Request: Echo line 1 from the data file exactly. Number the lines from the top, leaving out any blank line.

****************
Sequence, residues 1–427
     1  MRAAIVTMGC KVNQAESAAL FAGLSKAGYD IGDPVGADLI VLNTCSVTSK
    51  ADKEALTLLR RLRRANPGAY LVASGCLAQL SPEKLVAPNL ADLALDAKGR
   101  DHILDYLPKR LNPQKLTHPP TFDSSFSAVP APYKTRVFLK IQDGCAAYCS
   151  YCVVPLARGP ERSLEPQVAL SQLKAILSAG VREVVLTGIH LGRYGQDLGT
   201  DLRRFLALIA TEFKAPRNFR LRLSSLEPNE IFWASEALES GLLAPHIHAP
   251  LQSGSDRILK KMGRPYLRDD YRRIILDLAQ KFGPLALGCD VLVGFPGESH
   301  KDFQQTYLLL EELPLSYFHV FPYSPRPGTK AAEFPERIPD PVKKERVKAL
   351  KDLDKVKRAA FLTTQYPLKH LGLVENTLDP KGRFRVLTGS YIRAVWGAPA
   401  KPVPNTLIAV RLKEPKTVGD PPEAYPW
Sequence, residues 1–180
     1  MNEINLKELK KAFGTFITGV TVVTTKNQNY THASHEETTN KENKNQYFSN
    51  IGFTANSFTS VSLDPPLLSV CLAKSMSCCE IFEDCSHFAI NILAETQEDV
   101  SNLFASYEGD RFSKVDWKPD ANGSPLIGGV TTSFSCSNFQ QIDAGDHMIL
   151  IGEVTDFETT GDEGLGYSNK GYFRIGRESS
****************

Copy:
Sequence, residues 1–427